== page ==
Read from some document about EOS key recovery method:

  1. Start from standard EOS address (53byte), for exp: EOS+(50byte base58);
  2. decode (50byte base58) to get 37byte (hex);
  3. remove last 4byte (checksum) then finally get 33byte, which will be the pub key.

My question are:

  1. From my understanding the secp256-r1/k1 both using the ECC key which should be 256b (32Byte) but not 33Byte? So where does one additional byte come from?

  2. Standard ECC key, public key have two section (x and y) both are 256bit--so-called EOS pub key--is that x section of the ECC pub-key? is the y section been used in the application?

  3. As I check a final generated EOS signature, after convert base58 I get a 65byte hex, which is again 1 byte longer than a standard ECDSA signature?

Thanks so much.. below is a sample:

EOS Public key: 53byte
Step#(1.a) remove "EOS" then do base58 decode: (37Byte)
Step#(1.b) remove the last 4bytes: (33byte, why): 

EOS Private key: 51byte

Step#(1.a) do base58 decode: (37Byte)
Step#(1.b) remove the last 4bytes: (33byte, why): 
  • OK I find this developers.eos.io/keosd/docs/…. so for the private key I need remove the 80 pre-fix from the beginning. But no clue for public key yet, does that mean I shall remove 03 from the above publick key hex string?
    – LeonMSH
    Commented Jul 26, 2019 at 3:45

1 Answer 1

  1. As the link in your comment explain, 0x80 prefix is Bitcoin convention. (indicating Bitcoin mainnet)

  2. Due to characteristics of elliptic curve, there are only two points which share same x-coordinate. It means that, if you know x-coordinate and sign of y-coordinate, you can derive complete pair of x- and y-coordinate. That's compressed public key. (Oppositely, uncompressed public key contains complete x- and y-coordinate) Compressed public key consists of prefix (0x2 or 0x3 for sign of y-coordinate) and 32-byte binary for x-coordinate. Uncompressed public key don't need sign information, but has 0x4 prefix to show that it is uncompressed public key.

  3. One additional byte is recovery ID. You can find detailed answer from here.

  • great thanks. For the reply to Q3, is the EOS/Etherum are all derived from Bitcoin? right now I have a EOS signature with 65byte, the first byte looks like 31, not value from 27~30..
    – LeonMSH
    Commented Jul 31, 2019 at 2:05
  • @LeonMSH EOS recovery id follows Bitcoin convention. You had better refer to this. Ethereum has a different way to determine recovery id.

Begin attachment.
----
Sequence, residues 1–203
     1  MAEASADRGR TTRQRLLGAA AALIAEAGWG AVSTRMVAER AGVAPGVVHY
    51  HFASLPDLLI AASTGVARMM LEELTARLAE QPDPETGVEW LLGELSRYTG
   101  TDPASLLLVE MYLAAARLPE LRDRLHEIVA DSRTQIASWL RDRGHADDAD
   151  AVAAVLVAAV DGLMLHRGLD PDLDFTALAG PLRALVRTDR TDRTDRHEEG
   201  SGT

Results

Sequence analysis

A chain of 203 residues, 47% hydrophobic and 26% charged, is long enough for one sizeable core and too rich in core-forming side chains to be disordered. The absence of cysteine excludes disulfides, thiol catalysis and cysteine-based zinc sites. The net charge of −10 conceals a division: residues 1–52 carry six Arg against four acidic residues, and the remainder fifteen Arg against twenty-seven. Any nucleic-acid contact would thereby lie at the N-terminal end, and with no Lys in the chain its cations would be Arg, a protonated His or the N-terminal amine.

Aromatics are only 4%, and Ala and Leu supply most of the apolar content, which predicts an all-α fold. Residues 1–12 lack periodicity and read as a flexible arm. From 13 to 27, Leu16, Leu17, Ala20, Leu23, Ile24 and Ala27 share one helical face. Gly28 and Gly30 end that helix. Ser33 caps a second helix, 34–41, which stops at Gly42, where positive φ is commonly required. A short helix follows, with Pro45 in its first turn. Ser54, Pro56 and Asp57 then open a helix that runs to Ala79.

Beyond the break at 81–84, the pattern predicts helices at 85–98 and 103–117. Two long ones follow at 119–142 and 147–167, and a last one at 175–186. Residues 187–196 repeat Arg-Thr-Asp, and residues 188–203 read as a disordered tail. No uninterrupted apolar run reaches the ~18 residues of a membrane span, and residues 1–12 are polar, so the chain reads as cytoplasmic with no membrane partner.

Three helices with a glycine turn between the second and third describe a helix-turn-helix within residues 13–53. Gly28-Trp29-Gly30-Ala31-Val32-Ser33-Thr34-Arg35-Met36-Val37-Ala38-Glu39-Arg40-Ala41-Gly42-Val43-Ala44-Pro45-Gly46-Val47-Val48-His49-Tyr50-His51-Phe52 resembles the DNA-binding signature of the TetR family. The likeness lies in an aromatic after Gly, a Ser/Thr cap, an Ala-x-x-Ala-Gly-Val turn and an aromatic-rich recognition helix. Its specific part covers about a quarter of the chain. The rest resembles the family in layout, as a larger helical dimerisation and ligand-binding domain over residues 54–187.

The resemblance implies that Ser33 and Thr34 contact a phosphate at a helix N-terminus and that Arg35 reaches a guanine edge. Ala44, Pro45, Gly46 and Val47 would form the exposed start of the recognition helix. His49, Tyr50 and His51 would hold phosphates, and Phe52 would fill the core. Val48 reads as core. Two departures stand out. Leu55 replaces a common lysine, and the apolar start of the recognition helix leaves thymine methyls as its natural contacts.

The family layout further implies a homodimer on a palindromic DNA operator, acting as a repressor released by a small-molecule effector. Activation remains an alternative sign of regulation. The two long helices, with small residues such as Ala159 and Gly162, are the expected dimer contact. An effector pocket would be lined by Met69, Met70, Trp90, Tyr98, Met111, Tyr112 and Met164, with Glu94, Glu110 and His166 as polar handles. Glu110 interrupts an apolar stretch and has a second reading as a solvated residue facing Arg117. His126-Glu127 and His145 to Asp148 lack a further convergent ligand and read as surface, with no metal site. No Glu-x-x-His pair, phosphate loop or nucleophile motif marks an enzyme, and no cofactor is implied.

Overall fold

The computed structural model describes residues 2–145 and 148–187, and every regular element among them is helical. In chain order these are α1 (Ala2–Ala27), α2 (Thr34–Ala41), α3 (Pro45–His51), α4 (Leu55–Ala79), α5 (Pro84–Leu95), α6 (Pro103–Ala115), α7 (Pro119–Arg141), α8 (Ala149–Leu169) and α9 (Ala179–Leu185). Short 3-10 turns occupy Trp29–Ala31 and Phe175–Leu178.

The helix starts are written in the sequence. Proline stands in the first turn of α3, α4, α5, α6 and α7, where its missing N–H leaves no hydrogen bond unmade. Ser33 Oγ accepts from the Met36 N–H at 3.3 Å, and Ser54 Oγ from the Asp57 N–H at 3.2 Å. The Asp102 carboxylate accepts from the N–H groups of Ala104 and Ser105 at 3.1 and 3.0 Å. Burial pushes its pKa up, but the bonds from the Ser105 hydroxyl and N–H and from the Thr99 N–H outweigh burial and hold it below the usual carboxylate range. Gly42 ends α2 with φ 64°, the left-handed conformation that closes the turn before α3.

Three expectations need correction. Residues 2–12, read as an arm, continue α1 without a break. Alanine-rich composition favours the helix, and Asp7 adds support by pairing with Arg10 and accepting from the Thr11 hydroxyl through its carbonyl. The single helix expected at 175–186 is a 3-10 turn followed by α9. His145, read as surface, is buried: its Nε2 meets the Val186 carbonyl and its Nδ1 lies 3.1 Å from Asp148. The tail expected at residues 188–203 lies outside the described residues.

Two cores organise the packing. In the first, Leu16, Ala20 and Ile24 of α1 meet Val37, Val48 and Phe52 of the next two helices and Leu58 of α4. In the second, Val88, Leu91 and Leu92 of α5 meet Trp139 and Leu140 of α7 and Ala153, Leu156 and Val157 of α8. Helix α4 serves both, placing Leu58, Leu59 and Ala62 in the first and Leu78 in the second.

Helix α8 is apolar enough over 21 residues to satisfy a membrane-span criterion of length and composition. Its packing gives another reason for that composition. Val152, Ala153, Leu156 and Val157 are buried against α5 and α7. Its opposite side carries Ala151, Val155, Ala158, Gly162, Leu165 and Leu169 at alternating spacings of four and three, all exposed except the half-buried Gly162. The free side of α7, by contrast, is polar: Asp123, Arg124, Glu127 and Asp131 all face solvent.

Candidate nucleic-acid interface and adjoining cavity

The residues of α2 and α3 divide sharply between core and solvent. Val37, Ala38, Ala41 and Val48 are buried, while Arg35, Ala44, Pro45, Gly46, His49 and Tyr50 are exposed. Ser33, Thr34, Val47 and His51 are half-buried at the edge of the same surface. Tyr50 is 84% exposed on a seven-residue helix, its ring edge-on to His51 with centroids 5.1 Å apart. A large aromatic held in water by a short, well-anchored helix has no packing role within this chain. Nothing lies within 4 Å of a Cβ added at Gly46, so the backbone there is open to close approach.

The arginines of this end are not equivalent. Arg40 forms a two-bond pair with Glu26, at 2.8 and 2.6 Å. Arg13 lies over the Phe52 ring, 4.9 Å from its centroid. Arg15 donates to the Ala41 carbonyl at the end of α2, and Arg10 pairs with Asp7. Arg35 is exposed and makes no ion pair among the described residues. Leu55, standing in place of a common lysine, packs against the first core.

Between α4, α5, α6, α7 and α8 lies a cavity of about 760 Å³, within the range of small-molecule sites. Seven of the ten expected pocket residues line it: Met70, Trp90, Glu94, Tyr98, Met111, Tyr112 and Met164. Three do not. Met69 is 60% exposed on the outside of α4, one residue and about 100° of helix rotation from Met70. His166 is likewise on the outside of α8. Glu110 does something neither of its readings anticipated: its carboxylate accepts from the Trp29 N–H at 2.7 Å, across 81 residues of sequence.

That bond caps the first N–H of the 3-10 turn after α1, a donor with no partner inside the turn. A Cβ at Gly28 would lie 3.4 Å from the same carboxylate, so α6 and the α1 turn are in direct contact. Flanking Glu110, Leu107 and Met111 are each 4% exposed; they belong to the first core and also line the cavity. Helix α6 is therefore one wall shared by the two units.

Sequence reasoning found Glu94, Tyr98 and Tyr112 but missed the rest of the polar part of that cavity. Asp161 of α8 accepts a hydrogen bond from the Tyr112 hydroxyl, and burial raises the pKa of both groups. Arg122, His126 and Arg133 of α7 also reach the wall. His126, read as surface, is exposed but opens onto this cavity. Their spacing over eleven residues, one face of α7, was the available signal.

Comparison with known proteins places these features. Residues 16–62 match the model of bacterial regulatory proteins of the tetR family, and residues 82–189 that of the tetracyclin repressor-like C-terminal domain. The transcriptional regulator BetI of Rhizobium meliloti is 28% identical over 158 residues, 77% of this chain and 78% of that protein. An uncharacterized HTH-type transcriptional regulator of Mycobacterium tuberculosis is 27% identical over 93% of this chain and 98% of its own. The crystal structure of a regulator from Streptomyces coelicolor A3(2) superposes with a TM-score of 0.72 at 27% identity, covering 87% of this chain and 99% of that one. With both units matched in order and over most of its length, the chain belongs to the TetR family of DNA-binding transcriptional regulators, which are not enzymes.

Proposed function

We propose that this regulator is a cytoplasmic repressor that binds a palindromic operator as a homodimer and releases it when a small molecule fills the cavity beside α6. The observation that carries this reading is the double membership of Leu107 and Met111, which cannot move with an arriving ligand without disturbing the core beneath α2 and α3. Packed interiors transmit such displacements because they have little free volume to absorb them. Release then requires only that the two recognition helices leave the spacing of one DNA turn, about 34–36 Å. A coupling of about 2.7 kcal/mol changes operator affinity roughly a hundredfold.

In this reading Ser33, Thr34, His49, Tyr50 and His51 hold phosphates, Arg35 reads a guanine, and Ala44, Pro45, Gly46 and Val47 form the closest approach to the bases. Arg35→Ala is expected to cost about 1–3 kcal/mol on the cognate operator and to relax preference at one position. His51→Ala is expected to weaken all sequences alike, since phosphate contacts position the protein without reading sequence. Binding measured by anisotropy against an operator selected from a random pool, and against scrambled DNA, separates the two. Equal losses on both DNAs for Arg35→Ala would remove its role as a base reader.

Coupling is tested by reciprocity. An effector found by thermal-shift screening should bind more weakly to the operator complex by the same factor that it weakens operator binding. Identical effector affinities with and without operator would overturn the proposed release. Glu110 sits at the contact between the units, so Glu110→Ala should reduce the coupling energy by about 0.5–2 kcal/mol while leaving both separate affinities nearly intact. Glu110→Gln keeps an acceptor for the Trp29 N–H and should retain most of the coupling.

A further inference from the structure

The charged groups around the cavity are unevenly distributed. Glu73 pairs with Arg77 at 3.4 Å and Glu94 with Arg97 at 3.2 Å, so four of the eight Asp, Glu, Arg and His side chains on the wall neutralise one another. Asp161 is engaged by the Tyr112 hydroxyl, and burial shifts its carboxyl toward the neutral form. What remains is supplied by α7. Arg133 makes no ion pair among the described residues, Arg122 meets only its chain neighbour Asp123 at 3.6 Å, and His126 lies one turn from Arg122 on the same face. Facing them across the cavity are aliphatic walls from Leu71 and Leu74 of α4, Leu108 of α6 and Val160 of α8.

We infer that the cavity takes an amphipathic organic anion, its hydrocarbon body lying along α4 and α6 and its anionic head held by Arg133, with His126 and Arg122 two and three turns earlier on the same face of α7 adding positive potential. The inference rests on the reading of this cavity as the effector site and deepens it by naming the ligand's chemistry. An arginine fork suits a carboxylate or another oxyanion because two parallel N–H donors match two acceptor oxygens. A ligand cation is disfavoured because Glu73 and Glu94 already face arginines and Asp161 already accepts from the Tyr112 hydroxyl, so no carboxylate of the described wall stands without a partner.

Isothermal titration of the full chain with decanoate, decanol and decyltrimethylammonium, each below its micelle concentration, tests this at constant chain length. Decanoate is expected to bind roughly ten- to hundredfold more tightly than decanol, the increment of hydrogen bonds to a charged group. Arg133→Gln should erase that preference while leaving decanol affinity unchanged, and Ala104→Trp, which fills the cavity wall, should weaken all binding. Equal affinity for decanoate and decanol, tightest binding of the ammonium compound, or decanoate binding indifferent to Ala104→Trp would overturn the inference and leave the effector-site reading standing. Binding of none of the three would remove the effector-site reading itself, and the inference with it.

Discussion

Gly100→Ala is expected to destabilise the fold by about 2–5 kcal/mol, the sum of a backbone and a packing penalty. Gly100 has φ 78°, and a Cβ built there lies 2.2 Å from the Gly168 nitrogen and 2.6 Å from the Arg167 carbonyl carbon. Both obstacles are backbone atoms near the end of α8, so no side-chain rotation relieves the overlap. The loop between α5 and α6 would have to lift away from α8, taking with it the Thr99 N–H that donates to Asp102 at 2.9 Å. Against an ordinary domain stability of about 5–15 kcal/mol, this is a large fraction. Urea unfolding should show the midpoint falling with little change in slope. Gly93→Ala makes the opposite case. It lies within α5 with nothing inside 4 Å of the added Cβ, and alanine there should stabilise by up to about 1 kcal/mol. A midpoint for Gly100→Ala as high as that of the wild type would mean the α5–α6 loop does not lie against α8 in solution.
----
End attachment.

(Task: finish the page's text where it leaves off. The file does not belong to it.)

– conr2d
    Commented Jul 31, 2019 at 7:31
  • Things get a bit more complex... we are playing in EOS signature/verifying and meet some problem so try to using standard form ECDSA for a comparet--it passed test and we then find that signature adopts so-called DER format (which has 71 or 72 bytes...) I think EOS does not take DER format--is that correct understanding? I am referring to this post: bitcoin.stackexchange.com/questions/12554/…
    – LeonMSH
    Commented Jul 31, 2019 at 11:57
  • No, EOS signature isn't encoded in DER. Basically, signature consists of two values, r and s (each value has 32-byte length), and EOS signature serializes them directly, but only difference in DER, it has additional bytes in its format.
    – conr2d
    Commented Jul 31, 2019 at 12:19
  • Many thnaks for your patient..Here is the K1 signature we get from EOS (simply remove middle part for better showing): SIG_K1_Kevn(...)poMqF convert to hex mode it is something like 0x 204DD0C3(...)A8D97E7E, totally 69byte.. so recid 0x20=0d32; 1. The pubkey we are using start as 0x04 so it is uncompress. 2. recid = 27 + v + (if compressed 4 else 0), so we shall use recid=27 + v; 3. v = if(R.X > curve.N) then 2 else 0) | (if R.Y. Is even then 0 else 1); so v=0-3, therefore recid shall not bigger than 0d30. That means something is not right for our playing??
    – LeonMSH
    Commented Aug 1, 2019 at 1:39

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